“Pentax fans have a winner. For everyone else, the Star Series 85mm is the best portrait lens you will never use. "
Minimal chromatic aberration
If you're a camera company that has made the decision to double up on DSLRs despite the rise in popularity of mirrorless cameras, you should at least have some lenses worth talking about. This is exactly what Ricoh, owned by Pentax, did with the slowly growing Star series, and the new HD Pentax-D FA Star series with 85mm f / 1.4 SDM AW is a shining example of optical excellence. This full-frame portrait lens can easily hold its own against the best 85mm lenses from other brands. In fact, it's a near-perfect lens – and at $ 1,900, it should be.
There is only one possible problem that is preventing most people from enjoying it: it requires a Pentax camera.
The first thing you notice about the Sta-Series 85mm f / 1.4 is the world-eating size of the front panel. If you look into it for too long, you can get lost. This lens is a giant at 2.77 pounds – heavier than the already uncomfortably large Sigma 85mm f / 1.4 Art. Perhaps that's why it's called a star lens – it has enough mass to create its own gravitational field.
Daven Mathies / Digital Trends
With the lens hood attached, it looks like a much longer telephoto lens than just 85mm. Passers-by who saw me testing no doubt assumed that I wanted to watch birds.
But when you can handle the weight, you'll love how top-notch it all feels. The lens is completely weatherproof, the materials are luxurious, the focus ring is buttery soft, and even the lens hood feels redesigned, with a rubber collar on the front and a grippy inner surface. The hood snaps into place with a very short reach bayonet mount that is faster to use than most other hoods and is incredibly satisfying to do so. If ASMR were a lens, it would be the Pentax Star Series 85mm.
With 12 elements in 10 groups, the optical formula isn't really that complex, at least in terms of pure numbers. Despite the added weight, that's two elements less than the aforementioned Sigma 85mm Art. Numbers aren't everything, however, and Pentax has clearly made efficient use of the glass it contains, including three particularly low-dispersion Super ED elements and a single aspherical element.
Daven Mathies / Digital Trends
Pentax is also paying particular attention to its new autofocus system. The SDM motor has a 1.3 times higher torque than the 50 mm lens of the Star series, and the focus group contains a "larger number of optical elements than normal lenses" according to Pentax. I'm not exactly sure what that means, but the focus performance is certainly very fast.
The lens also uses an electronically controlled aperture which, according to Pentax, interestingly allows smooth exposure adjustments while recording video. By the way, almost every modern lens uses an electronically controlled iris, which tends to be more accurate than the older lever-driver style. Aside from smooth exposure changes in the video, this is helpful for consistency in things like time-lapse photography.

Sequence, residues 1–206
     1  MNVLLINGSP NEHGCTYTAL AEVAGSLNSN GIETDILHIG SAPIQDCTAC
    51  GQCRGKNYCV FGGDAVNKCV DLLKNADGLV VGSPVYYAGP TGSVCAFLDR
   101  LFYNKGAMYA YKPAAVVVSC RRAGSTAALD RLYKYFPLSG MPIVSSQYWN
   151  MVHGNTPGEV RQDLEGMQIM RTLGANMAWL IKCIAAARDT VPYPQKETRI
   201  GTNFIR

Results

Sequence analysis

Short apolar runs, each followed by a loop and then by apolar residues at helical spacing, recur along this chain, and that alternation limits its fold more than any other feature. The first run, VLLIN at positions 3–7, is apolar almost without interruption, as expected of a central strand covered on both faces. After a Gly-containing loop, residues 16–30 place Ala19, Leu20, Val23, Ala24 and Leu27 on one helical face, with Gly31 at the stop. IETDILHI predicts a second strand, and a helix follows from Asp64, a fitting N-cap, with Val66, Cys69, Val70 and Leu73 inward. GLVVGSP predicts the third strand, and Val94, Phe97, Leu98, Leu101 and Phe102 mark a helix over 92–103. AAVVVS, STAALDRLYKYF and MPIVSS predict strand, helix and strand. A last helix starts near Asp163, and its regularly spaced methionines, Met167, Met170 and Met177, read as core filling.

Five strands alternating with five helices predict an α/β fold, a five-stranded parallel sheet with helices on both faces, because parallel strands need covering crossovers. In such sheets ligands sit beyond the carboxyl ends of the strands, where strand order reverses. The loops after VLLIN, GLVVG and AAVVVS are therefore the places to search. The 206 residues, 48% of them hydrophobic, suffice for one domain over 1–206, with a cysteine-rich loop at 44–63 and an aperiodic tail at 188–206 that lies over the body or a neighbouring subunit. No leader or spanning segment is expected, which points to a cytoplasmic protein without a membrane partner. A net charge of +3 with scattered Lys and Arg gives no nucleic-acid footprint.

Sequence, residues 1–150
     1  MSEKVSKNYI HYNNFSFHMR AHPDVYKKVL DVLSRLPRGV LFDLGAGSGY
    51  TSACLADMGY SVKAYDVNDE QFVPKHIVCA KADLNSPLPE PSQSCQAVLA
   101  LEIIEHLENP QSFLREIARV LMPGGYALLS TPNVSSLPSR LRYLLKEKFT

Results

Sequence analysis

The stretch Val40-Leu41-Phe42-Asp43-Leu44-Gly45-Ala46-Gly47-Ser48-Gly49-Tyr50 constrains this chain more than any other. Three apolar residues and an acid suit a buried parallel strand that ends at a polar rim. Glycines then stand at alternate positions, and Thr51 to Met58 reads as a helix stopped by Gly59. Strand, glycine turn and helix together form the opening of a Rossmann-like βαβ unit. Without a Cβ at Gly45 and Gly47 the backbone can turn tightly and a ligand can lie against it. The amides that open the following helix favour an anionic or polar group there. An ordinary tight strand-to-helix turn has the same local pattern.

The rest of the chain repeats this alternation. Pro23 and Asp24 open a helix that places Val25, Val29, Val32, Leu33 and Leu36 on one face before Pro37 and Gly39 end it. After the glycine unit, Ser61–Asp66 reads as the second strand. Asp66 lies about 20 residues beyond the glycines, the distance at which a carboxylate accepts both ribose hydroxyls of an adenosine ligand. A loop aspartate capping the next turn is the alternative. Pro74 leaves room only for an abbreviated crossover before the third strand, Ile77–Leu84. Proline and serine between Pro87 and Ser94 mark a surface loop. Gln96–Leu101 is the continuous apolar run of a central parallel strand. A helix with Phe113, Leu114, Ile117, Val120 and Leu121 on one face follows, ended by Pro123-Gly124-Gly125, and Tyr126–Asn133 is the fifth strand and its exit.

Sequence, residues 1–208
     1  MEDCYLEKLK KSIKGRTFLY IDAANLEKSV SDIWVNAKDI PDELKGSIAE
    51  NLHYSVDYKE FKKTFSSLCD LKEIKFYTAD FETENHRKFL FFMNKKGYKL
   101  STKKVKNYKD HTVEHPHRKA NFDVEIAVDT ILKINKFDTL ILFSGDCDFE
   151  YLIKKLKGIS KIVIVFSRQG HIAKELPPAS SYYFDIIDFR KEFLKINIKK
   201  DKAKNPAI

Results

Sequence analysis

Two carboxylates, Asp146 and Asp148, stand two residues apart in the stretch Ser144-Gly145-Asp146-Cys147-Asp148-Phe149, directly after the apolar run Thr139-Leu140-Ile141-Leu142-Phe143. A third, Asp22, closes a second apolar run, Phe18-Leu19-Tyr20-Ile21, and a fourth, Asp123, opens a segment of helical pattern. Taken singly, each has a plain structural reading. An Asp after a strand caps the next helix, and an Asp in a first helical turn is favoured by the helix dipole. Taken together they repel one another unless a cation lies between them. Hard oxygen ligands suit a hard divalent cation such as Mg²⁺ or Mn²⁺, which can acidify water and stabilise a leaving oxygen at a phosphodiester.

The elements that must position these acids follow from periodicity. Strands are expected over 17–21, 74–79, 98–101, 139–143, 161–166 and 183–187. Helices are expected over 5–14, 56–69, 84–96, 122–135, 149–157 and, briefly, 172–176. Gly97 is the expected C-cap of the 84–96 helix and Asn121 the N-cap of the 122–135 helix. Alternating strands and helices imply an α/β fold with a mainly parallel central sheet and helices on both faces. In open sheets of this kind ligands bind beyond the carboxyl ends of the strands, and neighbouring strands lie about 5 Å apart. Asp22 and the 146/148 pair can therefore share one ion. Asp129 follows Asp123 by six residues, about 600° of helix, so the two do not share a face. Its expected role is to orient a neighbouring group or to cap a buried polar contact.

Daven Mathies / Digital Trends
The remaining specs include nine rounded bezel blades, a minimum focus distance of 33.5 inches, and a 0.12x magnification ratio. Spec sheet snoopers will find that these are all identical to the Sigma 85mm Art. It's almost as if Ricoh had some work to do in developing this lens (Sigma, which makes lenses for many different camera brands, stopped manufacturing Pentax K-mount lenses last year). Surprisingly, because of its additional weight, the Pentax “only” uses an 82 mm filter compared to the Sigma's 86 mm filter.
But the Sigma is $ 800 cheaper. So there is this.
Comparing these two lenses is, of course, nothing more than an academic exercise. One is available exclusively for Pentax, the other for every DSLR except Pentax.
Aspherical elements and high torque focus motors are great, but I know that the only thing people really care about about an 85mm f / 1.4 is the bokeh. You want to see backgrounds that are forgotten, turning point lights into large, soft, gently overlapping circles. I assure you, dear reader, that the Star Series 85mm delivers all of this.
Daven Mathies / Digital Trends
At 1: 1.4 wide open, your subject is brought to rest on a pillow-like bokeh cloud. The depth of field is so shallow that you can still achieve a decent separation of subject and background when the subject is relatively long. This is ideal for full body portraits or shots where you want to draw attention to a relatively small subject in a large setting.
As expected, there is vignetting at f / 1.4, but it's pretty mild. With f / 2.8 it's completely gone. The sharpness of the center is fantastic at any aperture, although the edges slope off a bit with larger apertures. I was impressed with how well a f / 1.4 night sky was rendered, and while an 85mm lens wouldn't be my first choice for astrophotography, this lens is sharp enough to handle it. It gets even sharper if you stop at 1: 5.6. However, in the real world, you should feel confident choosing an aperture for exactly the depth of field you want without having to worry about sharpness.